Rosette Nebula

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Rosette Nebula
Emission nebula
H II region
SHO false colour image of the Rosette Nebula
Observation data: J2000.0 epoch
Right ascension06h 33m 45s[1]
Declination+04° 59′ 54″[1]
Distance5,200[2] ly   (1,600 pc)
Apparent magnitude (V)9.0
Apparent dimensions (V)1.3 °
Physical characteristics
Radius65 ly
Notable featuresMultipart nebula
DesignationsSH 2-275,[1] CTB 21,[1] Caldwell 49
See also: Lists of nebulae

The Rosette Nebula (also known as Caldwell 49) is an H II region located near one end of a giant molecular cloud in the Monoceros region of the Milky Way Galaxy. The open cluster NGC 2244 (Caldwell 50) is closely associated with the nebulosity, the stars of the cluster having been formed from the nebula's matter.

The nebula has been noted to be having a shape reminiscent of a human skull, and is sometimes referred to as the "Skull Nebula." It is not to be confused with NGC 246, which is also nicknamed the "Skull Nebula."[3][4]


The complex has the following New General Catalogue (NGC) designations:

  • NGC 2237 – Part of the nebulous region (Also used to denote whole nebula)
  • NGC 2238 – Part of the nebulous region
  • NGC 2239 – Part of the nebulous region (Discovered by John Herschel)
  • NGC 2244 – The open cluster within the nebula (Discovered by John Flamsteed in 1690)[citation needed]
  • NGC 2246 – Part of the nebulous region

The cluster and nebula lie at a distance of 5,000 light-years from Earth[5] and measure roughly 130 light years in diameter. The radiation from the young stars excites the atoms in the nebula, causing them to emit radiation themselves producing the emission nebula we see. The mass of the nebula is estimated to be around 10,000 solar masses.

Chandra X-ray image overlaying an optical image reveals hundreds of young stars (red points inside the boxes)

A survey of the nebula with the Chandra X-ray Observatory has revealed the presence of numerous new-born stars inside optical Rosette Nebula and studded within a dense molecular cloud. Altogether, approximately 2500 young stars lie in this star-forming complex, including the massive O-type stars HD 46223 and HD 46150, which are primarily responsible for blowing the ionized bubble.[6][7] Most of the ongoing star-formation activity is occurring in the dense molecular cloud to the south east of the bubble.[8]

A diffuse X-ray glow is also seen between the stars in the bubble, which has been attributed to a super-hot plasma with temperatures ranging from 1 to 10 million K.[9] This is significantly hotter than the 10,000 K plasmas seen in HII regions, and is likely attributed to the shock-heated winds from the massive O-type stars.

On April 16, 2019 the Oklahoma Legislature passed HB1292 making the Rosette Nebula as the official state astronomical object. Oklahoma Governor Kevin Stitt signed it into law April 22, 2019.[10]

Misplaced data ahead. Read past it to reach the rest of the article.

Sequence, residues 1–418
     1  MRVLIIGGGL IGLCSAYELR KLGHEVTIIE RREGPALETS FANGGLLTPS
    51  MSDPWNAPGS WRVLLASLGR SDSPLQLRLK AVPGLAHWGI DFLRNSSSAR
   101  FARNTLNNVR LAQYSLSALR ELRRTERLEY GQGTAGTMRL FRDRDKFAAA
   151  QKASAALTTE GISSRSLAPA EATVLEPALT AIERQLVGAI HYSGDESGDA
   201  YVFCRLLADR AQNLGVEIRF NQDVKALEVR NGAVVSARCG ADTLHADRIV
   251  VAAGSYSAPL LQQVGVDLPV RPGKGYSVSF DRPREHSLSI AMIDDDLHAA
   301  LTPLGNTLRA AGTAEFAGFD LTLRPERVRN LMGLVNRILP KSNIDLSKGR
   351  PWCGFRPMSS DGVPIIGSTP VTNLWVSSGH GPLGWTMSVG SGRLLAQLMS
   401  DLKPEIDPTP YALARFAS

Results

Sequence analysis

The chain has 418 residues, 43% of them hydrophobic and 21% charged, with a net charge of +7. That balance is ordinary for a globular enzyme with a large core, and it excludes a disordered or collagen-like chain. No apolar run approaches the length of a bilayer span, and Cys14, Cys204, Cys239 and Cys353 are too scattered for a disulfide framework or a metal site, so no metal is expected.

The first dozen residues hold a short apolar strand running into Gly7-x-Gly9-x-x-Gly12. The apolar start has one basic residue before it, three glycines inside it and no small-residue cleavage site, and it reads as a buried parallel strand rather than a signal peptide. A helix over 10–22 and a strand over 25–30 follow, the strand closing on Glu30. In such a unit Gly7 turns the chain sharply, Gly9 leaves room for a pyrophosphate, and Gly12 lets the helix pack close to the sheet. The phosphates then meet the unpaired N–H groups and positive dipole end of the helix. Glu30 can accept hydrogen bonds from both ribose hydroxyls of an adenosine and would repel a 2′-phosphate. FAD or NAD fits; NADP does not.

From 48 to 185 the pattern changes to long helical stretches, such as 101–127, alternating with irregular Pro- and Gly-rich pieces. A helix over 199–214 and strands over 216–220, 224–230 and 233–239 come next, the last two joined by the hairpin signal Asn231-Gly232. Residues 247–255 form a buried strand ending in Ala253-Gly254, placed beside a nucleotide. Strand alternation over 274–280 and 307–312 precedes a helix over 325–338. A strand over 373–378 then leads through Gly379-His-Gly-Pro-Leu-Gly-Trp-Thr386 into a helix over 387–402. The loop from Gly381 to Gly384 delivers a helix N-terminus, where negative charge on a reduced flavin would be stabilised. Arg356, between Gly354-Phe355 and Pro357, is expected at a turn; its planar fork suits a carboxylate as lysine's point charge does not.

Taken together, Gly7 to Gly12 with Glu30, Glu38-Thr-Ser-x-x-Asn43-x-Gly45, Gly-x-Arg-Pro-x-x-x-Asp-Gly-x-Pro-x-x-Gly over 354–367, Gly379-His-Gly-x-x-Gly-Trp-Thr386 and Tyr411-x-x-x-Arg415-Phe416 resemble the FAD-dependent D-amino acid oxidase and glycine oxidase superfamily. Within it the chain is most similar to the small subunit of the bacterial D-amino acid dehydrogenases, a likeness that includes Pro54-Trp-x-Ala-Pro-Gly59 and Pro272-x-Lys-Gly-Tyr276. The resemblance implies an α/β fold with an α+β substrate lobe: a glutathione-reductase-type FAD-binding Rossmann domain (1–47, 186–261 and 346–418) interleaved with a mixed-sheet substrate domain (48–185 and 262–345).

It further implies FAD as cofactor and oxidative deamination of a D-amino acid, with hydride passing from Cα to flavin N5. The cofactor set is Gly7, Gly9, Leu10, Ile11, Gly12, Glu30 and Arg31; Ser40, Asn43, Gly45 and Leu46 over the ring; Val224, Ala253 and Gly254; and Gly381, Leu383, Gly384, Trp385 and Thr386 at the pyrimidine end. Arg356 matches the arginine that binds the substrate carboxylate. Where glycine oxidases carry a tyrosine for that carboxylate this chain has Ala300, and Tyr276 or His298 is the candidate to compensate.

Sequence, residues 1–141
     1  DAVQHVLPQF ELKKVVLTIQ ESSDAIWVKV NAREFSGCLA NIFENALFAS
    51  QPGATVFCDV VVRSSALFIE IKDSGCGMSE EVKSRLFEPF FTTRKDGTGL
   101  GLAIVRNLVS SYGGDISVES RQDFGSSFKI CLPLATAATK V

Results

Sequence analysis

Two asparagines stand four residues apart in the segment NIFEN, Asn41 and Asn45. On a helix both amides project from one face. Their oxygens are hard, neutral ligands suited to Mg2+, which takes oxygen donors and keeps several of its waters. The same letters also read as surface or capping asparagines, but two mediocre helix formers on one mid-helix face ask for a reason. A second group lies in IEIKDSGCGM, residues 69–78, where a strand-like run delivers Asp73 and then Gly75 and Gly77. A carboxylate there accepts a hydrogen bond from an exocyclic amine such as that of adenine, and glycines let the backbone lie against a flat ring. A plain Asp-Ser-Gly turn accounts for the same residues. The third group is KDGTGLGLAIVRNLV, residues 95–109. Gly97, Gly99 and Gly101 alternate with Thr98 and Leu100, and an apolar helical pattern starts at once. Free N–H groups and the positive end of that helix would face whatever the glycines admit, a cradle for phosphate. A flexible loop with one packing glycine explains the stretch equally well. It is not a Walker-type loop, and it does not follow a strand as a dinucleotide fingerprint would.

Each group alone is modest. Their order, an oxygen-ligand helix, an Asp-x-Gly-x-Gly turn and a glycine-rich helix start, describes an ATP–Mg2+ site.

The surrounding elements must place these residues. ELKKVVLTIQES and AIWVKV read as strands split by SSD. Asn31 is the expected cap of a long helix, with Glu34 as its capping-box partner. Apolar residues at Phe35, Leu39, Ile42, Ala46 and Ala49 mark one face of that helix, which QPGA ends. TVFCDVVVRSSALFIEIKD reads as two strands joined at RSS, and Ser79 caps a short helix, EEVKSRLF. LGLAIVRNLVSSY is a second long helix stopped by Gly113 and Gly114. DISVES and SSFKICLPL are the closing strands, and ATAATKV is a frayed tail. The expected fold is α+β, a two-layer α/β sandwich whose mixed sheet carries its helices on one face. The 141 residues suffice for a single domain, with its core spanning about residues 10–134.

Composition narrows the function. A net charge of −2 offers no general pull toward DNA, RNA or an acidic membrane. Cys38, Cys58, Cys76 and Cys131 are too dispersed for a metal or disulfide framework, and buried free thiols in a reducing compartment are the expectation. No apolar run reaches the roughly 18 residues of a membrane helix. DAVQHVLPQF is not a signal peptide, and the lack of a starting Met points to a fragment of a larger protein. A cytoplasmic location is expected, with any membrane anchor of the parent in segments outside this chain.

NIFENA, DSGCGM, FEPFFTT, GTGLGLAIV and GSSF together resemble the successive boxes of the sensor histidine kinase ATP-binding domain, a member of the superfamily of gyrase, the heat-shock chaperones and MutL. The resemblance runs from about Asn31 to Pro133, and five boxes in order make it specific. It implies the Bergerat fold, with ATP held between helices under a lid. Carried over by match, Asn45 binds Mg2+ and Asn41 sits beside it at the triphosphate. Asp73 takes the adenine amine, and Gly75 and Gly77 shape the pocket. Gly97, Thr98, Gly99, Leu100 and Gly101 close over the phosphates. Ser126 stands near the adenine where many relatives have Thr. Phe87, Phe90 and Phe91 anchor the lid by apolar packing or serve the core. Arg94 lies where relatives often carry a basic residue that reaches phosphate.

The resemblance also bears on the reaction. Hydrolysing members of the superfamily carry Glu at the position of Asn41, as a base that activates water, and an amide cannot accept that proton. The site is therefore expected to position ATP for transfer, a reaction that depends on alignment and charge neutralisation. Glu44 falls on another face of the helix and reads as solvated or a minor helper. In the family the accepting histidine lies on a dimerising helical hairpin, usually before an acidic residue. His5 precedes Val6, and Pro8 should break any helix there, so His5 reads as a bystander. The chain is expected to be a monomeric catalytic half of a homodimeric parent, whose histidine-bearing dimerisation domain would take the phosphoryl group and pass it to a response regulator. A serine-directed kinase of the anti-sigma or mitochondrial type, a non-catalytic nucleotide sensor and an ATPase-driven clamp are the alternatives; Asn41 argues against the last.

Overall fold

See also[edit]


  1. ^ a b c d "NGC 2237". SIMBAD. Centre de données astronomiques de Strasbourg. Retrieved 2006-10-23.
  2. ^ Phelps, Randy L.; Ybarra, Jason E. (2005). "A Parsec-Scale Outflow in the Rosette Molecular Cloud?". The Astrophysical Journal. 627 (2): 845–849. Bibcode:2005ApJ...627..845P. doi:10.1086/430431.
  3. ^ "A hole in the heart of the Rosette Nebula". CNN. 14 February 2018.
  4. ^ "The Rosette Nebula | Astrophotography Through a Telescope".
  5. ^ 'Cambridge Deep Sky Companions - The Caldwell Objects' , S.J. O'Meara & P. Moore, Cambridge University Press, ISBN 0-521-82796-5 (2002)
  6. ^ Kuhn, M. A.; et al. (2015). "The Spatial Structure of Young Stellar Clusters. II. Total Young Stellar Populations". Astrophysical Journal. 802 (1): 60. arXiv:1501.05300. Bibcode:2015ApJ...802...60K. doi:10.1088/0004-637X/802/1/60. S2CID 119309858.
  7. ^ Wang, J.; et al. (2008). "AChandra Study of the Rosette Star-forming Complex. I. The Stellar Population and Structure of the Young Open Cluster NGC 2244". Astrophysical Journal. 675 (1): 464–490. arXiv:0711.2024. Bibcode:2008ApJ...675..464W. doi:10.1086/526406. S2CID 11144784.
  8. ^ Ybarra, J. E.; et al. (2013). "The Progression of Star Formation in the Rosette Molecular Cloud". Astrophysical Journal. 769 (2): 140. arXiv:1303.1226. Bibcode:2013ApJ...769..140Y. doi:10.1088/0004-637X/769/2/140. S2CID 119214676.
  9. ^ Townsley, L. K.; et al. (2003). "10 MK Gas in M17 and the Rosette Nebula: X-Ray Flows in Galactic H II Regions". Astrophysical Journal. 593 (2): 874–905. arXiv:astro-ph/0305133. Bibcode:2003ApJ...593..874T. doi:10.1086/376692. S2CID 16188805.
  10. ^ "Bill Information". Retrieved 2019-04-17.

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